Stop the killer
DR. R. NARASIMHAN
If identified early, lung cancer can be treated. Otherwise, the chances of survival are bleak.
High risk category: Smoking is a primary cause for the disease. Photo: AFP
CANCER is an uncontrolled growth of the tissue. The five most common cancers are colorectal, lung, stomach, breast and cervix, According to the World Health Organisation (WHO) more than 11 million people are diagnosed with cancers every year. It is estimated that there will be 16 million new cases every year by 2020. Cancer causes seven million deaths every year.
Treatment has very little impact on lung cancer cases at an advanced stage, as 90 per cent of such people do not survive. In India, the higher incidence of lung cancer is attributed to the rising trend of smoking. From 32,000 in 1989, the country is burdened with 41,000 new lung cancer cases every year. Individuals who have a close relative suffering from lung cancer are at an increased risk of developing the disease, regardless of whether or not they smoke.
Cause for concern
The divergent smoking trends in the West and developing countries are a cause for concern. While male smoking in the West has hit a plateau because of greater health consciousness, in India and China it is still on the rise. Since female smoking is still fashionable in the West, lung cancer cases are higher among women.
Despite tremendous advancement in the diagnosis and treatment of the disease, chances of survival are very bleak. More than 75 per cent of the cases in India are detected at an advanced stage and despite treatment with chemotherapy and radiotherapy the disease remains incurable. Statistical projections suggest that lung cancer mortality in this decade will continue to rise to a rate of over 50 deaths per year per 100,000 people in the U.S. It is debatable whether the current lung cancer prevention programmes are expected to influence lung cancer death rates.
Environmental and genetic factors are also thought to play a role. It has long been postulated that people may differ in their susceptibility to environmental risk factors and evidence is growing for a familial risk pattern. Other risk factors include exposure to smoking, radiation, asbestos; heavy metals such as arsenic, chromium and nickel.
Very low lung cancer rates are seen in the men of undeveloped regions of India, Africa, and South America. Lung cancer rates also are highest among Maori women and among some black and white populations within the United States.
In addition, Chinese women, many of whom are non-smokers, have very high lung cancer rates. This phenomenon has been associated with exposure to cooking oil vapours and other forms of air pollution in the indoor environments of China.
Lack of awareness
The low incidence of lung cancer observed in underdeveloped countries is due to the lack of awareness and also due to the fact that the priorities were in treating tuberculosis. It is possible that many of the cases of lung cancers could have been treated as "TB treatment failures".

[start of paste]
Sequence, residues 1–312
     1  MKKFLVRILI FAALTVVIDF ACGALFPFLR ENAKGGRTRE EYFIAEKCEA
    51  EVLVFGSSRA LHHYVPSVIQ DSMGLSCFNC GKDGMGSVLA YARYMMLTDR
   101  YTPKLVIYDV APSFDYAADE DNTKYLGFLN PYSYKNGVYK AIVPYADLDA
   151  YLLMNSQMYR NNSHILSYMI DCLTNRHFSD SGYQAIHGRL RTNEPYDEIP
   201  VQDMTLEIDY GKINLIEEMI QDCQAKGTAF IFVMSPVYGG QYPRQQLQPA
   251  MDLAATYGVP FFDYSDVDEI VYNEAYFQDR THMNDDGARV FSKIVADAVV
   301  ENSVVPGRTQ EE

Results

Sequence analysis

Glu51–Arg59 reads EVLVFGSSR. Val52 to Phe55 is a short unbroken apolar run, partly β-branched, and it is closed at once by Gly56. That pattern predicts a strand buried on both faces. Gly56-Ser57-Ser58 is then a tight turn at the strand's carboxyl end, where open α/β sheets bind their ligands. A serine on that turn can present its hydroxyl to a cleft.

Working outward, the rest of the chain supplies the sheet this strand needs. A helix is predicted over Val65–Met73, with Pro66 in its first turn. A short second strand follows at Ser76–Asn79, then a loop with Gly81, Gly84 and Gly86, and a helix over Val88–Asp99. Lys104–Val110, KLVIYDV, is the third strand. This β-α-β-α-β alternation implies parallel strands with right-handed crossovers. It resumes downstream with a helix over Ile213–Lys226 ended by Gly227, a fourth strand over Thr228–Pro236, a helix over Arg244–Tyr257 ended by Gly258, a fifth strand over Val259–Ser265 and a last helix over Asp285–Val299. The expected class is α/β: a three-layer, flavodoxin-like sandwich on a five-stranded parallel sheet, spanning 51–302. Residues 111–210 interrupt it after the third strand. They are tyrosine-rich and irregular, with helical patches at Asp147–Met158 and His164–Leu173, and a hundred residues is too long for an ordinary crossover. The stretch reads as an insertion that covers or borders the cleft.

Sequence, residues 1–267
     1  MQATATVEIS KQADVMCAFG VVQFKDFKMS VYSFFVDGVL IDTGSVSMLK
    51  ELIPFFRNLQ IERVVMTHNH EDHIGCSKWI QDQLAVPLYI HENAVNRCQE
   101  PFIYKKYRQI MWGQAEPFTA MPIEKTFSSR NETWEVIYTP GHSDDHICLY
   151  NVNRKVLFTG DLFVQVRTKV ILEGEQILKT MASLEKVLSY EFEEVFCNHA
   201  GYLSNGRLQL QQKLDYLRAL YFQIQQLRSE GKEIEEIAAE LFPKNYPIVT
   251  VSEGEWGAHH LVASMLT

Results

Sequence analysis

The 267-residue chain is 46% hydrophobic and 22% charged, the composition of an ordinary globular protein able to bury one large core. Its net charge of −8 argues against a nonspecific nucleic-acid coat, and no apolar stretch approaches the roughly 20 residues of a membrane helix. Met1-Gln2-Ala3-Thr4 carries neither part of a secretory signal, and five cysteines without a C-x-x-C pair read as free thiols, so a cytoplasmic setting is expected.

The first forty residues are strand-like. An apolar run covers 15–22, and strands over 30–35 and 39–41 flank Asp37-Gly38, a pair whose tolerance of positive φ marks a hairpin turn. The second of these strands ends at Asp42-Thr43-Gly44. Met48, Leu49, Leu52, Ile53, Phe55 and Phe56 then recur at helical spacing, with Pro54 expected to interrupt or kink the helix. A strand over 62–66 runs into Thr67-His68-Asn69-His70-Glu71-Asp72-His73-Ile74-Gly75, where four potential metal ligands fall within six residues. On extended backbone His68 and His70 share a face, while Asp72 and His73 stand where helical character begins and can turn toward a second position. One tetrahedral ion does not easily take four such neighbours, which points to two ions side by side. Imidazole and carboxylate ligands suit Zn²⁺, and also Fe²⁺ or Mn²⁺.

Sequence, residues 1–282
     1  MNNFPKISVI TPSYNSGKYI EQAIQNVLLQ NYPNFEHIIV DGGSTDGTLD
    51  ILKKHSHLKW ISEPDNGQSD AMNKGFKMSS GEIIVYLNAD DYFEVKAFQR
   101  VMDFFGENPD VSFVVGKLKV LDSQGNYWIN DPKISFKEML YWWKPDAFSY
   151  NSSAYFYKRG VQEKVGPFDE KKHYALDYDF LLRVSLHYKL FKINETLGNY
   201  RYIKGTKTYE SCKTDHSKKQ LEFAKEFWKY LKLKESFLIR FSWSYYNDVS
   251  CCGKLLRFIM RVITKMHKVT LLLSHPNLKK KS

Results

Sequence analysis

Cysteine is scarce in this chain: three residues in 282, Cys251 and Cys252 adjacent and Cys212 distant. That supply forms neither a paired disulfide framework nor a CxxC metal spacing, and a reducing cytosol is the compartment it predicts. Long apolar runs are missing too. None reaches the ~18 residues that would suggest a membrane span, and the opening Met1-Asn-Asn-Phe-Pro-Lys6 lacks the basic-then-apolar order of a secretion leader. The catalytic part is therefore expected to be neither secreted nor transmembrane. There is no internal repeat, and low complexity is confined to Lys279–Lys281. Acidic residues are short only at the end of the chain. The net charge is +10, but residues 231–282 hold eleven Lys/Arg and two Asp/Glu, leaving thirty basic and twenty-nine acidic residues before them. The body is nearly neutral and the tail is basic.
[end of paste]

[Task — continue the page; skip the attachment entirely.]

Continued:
There is, however, an increasing awareness about this dreadful disease. Thanks to various awareness campaigns, people tend to visit doctors at an earlier stage than before. Also due to the availability of the latest diagnostic facilities in many cities there has been an increased incidence of lung cancer referrals from peripheries. Many lung shadows were earlier treated as TB and referred to hospitals only when it did not respond to treatment.
Persons with any of the unusual symptoms should undergo sputum test for cancer cells. If clinical suspicion of lung cancer is high, the pulmonologist will ask for one or more of the following tests: Chest Xray, CT scan of the chest, needle biopsy and bronchoscopy. It is then possible to diagnose whether the disease is advanced or not.
The treatment would depend on the type of cancer and also the extent of spread. If one is careful in identifying symptoms and with the availability of good and reliable advanced investigations it is possible to offer fairly good treatment options and modify the quality of life if not completely cure it.
In Japan the disease is identified at a cellular stage and treatment offered at a much earlier stage. That day is not far off in India.
The writer is a Senior Respiratory Physician based in Chennai. E-mail him at firstname.lastname@example.org
Cough not responding to treatment
Blood stained sputum
Recurrent respiratory infection
Persistent change in voice
Late onset of asthma
Unexplained weight loss
Loss of appetite
Gradually increasing shortness of breath
Unexplained drooping of eyelid
Overgrowth of fingernails
Breast development in men
In 90 per cent of cases, smoking causes lung cancer.
About 10-15 per cent of smokers get lung cancer.
Men who smoke one or more packets of cigarettes daily face 15 to 25 times higher risk than non-smokers.
Of all forms of malignancy, lung cancer is the number one killer in India.
Globally it accounts for 14 per cent of all cancers and 28 per cent of all cancer-related deaths.
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